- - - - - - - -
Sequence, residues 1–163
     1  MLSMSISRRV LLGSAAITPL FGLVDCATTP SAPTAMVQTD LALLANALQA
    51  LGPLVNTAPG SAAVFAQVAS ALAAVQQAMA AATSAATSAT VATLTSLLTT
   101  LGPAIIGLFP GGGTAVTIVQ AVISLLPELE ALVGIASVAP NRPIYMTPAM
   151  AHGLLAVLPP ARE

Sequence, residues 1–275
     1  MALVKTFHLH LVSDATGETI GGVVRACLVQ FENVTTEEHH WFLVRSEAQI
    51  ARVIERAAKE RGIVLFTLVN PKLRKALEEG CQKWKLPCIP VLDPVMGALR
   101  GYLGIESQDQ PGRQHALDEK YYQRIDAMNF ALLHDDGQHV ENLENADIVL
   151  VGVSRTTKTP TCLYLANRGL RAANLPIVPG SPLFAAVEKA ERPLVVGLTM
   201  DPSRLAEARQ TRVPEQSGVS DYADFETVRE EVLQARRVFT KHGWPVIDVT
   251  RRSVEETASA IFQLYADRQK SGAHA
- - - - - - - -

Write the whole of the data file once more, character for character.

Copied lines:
Sequence, residues 1–163
     1  MLSMSISRRV LLGSAAITPL FGLVDCATTP SAPTAMVQTD LALLANALQA
    51  LGPLVNTAPG SAAVFAQVAS ALAAVQQAMA AATSAATSAT VATLTSLLTT
   101  LGPAIIGLFP GGGTAVTIVQ AVISLLPELE ALVGIASVAP NRPIYMTPAM
   151  AHGLLAVLPP ARE

Sequence, residues 1–275
     1  MALVKTFHLH LVSDATGETI GGVVRACLVQ FENVTTEEHH WFLVRSEAQI
    51  ARVIERAAKE RGIVLFTLVN PKLRKALEEG CQKWKLPCIP VLDPVMGALR
   101  GYLGIESQDQ PGRQHALDEK YYQRIDAMNF ALLHDDGQHV ENLENADIVL
   151  VGVSRTTKTP TCLYLANRGL RAANLPIVPG SPLFAAVEKA ERPLVVGLTM
   201  DPSRLAEARQ TRVPEQSGVS DYADFETVRE EVLQARRVFT KHGWPVIDVT
   251  RRSVEETASA IFQLYADRQK SGAHA